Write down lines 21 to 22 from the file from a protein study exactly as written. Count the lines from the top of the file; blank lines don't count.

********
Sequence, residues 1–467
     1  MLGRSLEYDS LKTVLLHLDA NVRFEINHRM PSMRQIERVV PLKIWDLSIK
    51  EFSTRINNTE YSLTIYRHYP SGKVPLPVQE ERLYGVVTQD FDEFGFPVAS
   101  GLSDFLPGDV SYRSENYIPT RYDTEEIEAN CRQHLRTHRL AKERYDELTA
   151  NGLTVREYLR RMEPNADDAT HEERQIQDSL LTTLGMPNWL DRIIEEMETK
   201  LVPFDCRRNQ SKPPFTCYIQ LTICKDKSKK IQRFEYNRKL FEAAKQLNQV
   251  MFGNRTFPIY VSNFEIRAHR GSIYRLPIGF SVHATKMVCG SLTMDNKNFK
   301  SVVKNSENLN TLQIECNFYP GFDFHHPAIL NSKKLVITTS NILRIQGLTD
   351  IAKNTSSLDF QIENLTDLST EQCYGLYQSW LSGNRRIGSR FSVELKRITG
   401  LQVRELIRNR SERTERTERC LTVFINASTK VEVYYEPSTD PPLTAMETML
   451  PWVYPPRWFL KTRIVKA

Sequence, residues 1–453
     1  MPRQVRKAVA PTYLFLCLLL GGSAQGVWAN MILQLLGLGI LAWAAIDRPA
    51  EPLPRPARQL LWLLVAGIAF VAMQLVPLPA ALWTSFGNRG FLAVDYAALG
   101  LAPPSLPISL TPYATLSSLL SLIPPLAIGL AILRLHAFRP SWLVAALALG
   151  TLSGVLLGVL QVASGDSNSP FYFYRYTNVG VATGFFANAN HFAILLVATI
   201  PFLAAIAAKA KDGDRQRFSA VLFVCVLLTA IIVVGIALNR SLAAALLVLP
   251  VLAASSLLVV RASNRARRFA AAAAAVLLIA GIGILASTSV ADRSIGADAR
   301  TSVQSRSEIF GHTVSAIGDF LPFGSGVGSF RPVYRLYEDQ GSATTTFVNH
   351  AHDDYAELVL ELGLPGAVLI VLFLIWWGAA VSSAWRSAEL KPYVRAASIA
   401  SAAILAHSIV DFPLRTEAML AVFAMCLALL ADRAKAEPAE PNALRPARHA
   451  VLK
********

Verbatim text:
   401  SAAILAHSIV DFPLRTEAML AVFAMCLALL ADRAKAEPAE PNALRPARHA
   451  VLK